Opinion | Time to Rethink Presidential Pardons?

To the Editor:

Re “Trump Said to Discuss Pardons for His Children and Giuliani” (front page, Dec. 2):

Presidential pardons are in the spotlight in this lame-duck presidency. Will the president pardon Rudy Giuliani? Will he pardon Paul Manafort? What about Don Jr. and Eric? Ivanka and Jared? Even if the president insists that there is nothing to pardon in this group, he will probably do it just in case.

But it is of little concern if he does indeed pardon these people. They are all just functionaries of this corrupt president, enriching themselves at government expense. Garden-variety corruption.

The corruption that is most serious and that cannot be pardoned because there is no law against it is the destruction of civility, the destruction of trust, the ripping of the very fabric of our country, and the complicity of those in our government who created and continue to support this evil.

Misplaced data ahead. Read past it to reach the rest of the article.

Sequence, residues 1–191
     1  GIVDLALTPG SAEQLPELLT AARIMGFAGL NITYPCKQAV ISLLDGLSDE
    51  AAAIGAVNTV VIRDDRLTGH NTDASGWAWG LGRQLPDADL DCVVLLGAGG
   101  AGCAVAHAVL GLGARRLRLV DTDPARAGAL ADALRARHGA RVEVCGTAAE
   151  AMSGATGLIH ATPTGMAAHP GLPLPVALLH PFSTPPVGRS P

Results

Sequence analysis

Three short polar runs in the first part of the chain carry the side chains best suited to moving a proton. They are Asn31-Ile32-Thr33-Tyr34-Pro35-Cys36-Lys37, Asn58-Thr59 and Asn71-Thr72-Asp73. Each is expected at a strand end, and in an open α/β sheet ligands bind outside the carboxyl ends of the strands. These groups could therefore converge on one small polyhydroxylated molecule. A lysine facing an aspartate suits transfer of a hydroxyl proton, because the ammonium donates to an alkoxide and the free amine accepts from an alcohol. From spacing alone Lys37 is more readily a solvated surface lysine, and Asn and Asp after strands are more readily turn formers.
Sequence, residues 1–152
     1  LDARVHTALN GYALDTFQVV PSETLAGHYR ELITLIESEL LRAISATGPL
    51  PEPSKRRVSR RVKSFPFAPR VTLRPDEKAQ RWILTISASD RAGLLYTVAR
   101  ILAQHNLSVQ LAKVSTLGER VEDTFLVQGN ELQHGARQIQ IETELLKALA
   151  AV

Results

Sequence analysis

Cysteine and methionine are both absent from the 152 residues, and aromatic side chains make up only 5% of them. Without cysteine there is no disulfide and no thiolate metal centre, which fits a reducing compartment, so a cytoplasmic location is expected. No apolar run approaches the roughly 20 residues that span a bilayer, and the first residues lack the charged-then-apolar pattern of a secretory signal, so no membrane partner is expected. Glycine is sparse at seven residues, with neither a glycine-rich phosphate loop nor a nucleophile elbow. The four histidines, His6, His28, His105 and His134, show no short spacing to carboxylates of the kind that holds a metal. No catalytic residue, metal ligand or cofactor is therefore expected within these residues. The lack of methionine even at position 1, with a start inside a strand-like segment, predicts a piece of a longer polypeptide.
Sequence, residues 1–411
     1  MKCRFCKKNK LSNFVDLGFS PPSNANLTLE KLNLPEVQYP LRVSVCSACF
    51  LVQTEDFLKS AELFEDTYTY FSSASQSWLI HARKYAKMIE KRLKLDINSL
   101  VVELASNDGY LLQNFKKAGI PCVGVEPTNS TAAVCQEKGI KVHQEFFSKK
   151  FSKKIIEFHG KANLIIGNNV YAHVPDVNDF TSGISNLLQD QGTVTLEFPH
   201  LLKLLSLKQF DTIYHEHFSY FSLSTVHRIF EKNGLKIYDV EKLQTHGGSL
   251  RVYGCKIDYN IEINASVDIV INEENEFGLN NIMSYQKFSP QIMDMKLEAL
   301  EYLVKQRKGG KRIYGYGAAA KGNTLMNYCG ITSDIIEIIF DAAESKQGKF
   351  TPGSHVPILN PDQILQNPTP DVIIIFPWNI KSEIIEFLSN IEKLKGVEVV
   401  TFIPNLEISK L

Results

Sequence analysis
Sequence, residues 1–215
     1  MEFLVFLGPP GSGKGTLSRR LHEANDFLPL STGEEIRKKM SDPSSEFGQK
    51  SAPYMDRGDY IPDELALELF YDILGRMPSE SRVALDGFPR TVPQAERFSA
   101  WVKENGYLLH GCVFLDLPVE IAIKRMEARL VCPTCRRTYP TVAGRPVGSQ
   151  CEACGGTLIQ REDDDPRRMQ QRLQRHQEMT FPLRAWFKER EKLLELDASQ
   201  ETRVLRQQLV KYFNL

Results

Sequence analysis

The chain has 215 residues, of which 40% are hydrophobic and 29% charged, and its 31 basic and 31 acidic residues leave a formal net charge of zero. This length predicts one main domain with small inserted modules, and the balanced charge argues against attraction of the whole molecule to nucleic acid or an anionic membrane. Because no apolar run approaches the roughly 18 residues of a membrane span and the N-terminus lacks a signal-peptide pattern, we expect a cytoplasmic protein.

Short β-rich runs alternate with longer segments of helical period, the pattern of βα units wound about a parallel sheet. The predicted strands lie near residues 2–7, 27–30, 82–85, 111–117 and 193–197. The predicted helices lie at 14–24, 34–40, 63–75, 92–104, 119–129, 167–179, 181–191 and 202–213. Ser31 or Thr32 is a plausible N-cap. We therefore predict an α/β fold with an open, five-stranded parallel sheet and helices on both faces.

John T. Dillon
West Caldwell, N.J.

To the Editor:

As President Trump has issued a pardon to Michael Flynn, and now appears ready to issue numerous other pardons to those who committed crimes (or may have committed crimes) while in service to the president, it is clear that the pardon provision of the Constitution must be amended to prevent presidential administrations from becoming crime or corruption syndicates without consequence.

The pardon power should be amended to prohibit a president from issuing a pardon for any crime committed during the period he or she is in office. This limitation would deter the commission of crimes of corruption on behalf of a president with knowledge that any such acts will be followed by a pardon.

In addition, the amendment should prohibit the president from issuing a self-pardon and prohibit any vice president who comes into the office upon the resignation of the president from issuing a pardon.

Daniel Shapiro
Suffern, N.Y.

Source: Read Full Article